A Bridge that Links Not Just People, but Time

The Kampong Kdei bridge is the longest centuries-old bridge in Siem Reap province on National Road 6. Photo by Long Ton

Upon traveling to the touristy Siem Reap Province, the trip would be incomplete if one would not visit the Kampong Kdei bridge, which is the longest centuries-old bridge in the province on National Road 6. 

When traveling from Phnom Penh to Siem Reap along that road and arriving at the Kampong Kdei Village market, travelers can see the old national road on the right-hand side. This older road will lead to the bridge that was built by Cambodians’ ancestors a very long time ago and is situated in the district of Chi Kreng, about 60 kilometers from the Siem Reap City.

People usually call this bridge built in the late 12th or early 13th century by its local name of Spean Neak (Naga bridge) or Spean Kampong Kdei (Kampong Kdei bridge). However, based on documents written in the 1900s by French linguist and archeologist Étienne Aymonier, the Kampong Kdei bridge was also known by two other names: Spean Preah Tœus and Spean Prap Tœus.

Still, some argue that this bridge should actually be called “Preah Toeus bridge” in view of the stone inscription that can be seen on it. The term “preah toeus” refers to the prime direction, that is, the eastern direction. A pagoda, which is located about 500 meters from the bridge on the southeastern side, used to go by the name of Preah Toeus as well—the pagoda’s name was changed in recent times and is now the Boptoeusaram pagoda or the Kampong Kdei pagoda.

What is more compelling about the Kampong Kdei bridge is that it connects Siem Reap City with the provinces in the southeastern part of the country. One can reach these provinces by using the bridge to go over the Chi Kraeng River. 

This bridge, which is 86 meters in length and 16 meters in width, stands 10-meter high over the river. It is supported by 20 pillars and has 21 culverts for water underpass.

Even though hundreds of years have gone by, this laterite structure has retained its detailed naga handrails and decorations as well as its four cornerstones made of sandstone. It is surprising to see how outstanding the construction work of this bridge was, having been built around the Bayon period—late 12th, early 13th centuries—as shown by the analysis of the sculptures, the handrails as well as the cornerstones.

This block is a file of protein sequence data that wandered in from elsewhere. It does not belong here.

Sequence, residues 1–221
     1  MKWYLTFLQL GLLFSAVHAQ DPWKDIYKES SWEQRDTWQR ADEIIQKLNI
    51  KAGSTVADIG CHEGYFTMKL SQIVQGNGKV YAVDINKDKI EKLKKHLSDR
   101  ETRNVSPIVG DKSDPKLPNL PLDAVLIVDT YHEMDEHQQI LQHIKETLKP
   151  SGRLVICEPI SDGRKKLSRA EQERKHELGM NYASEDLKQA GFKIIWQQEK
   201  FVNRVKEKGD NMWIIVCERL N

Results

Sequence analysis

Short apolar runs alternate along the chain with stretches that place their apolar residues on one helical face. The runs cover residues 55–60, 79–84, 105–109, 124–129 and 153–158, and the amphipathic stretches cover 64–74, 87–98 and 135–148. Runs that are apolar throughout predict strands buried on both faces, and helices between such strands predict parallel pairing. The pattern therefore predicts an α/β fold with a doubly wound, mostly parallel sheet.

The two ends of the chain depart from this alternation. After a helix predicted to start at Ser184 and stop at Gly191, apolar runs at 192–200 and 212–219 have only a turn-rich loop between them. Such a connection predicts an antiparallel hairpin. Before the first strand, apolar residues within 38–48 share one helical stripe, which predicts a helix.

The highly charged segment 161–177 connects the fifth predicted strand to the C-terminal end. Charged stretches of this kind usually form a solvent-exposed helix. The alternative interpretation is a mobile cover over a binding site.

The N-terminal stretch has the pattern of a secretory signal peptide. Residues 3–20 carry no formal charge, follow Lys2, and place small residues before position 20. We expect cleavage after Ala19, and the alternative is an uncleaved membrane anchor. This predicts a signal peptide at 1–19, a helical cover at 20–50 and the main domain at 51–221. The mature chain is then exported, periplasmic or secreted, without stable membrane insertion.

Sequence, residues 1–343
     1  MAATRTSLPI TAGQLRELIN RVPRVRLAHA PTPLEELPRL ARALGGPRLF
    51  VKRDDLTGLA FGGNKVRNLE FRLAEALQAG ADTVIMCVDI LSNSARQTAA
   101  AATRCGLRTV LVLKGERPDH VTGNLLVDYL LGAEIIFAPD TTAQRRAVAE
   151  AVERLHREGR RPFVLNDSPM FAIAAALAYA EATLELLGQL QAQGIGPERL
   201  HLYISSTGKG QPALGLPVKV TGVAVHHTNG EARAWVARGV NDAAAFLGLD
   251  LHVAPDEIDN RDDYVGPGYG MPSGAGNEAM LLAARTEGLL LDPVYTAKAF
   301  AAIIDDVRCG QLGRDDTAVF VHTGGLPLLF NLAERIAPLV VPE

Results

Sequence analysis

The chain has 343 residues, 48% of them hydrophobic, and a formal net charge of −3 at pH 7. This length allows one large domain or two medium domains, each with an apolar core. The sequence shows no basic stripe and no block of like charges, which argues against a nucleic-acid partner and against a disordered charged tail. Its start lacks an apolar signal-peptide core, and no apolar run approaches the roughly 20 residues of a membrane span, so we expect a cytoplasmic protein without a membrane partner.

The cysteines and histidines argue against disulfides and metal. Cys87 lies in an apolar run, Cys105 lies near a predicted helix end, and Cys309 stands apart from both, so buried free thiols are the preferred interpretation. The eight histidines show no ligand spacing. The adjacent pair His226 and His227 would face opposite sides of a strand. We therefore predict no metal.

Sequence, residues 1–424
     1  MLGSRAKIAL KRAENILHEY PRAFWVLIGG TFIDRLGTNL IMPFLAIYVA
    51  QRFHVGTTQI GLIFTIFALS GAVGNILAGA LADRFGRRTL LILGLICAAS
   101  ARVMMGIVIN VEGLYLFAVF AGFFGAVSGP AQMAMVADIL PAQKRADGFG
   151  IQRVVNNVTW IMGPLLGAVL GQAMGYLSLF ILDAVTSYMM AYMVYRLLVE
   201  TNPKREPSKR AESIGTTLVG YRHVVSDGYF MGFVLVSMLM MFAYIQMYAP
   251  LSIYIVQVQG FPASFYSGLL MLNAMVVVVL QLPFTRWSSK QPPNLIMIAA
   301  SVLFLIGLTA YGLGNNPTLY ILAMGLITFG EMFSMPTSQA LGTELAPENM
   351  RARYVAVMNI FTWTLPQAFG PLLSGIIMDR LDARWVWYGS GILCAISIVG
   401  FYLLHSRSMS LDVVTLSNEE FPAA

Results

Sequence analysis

Unfortunately, this mighty infrastructure must undergo repairs for sustainability despite the fact that it has stood as a “warrior against time and erosion” for so many centuries. The first renovation was conducted in 1925 by École française d'Extrême-Orient (EFEO) or French School of the Far East. This project’s team successfully managed to properly restore the four naga heads to their original stance.

Between 1965 and 1967, Cambodia’s Ministry of Public Works and Transport started a second restoration project with the assistance of the EFEO. Unfortunately, this second project was halfway completed and only the northern side of the bridge was repaired. A pillar of concrete was poured in front of the old pillar and additional laterite stones were installed and covered. Furthermore, a layer of concrete meant to be applied at the top was only halfway completed.

Since a new bridge was built for daily transportation, the ancient Kampong Kdei bridge can now only be used by pedestrians and light-weight vehicles such as motorcycles and bicycles.

Long Ton is a Cambodian with a passion for Angkor and that era. A university graduate who speaks several languages, he has conducted tours at Angkor.

Song Daphea contributed to the story

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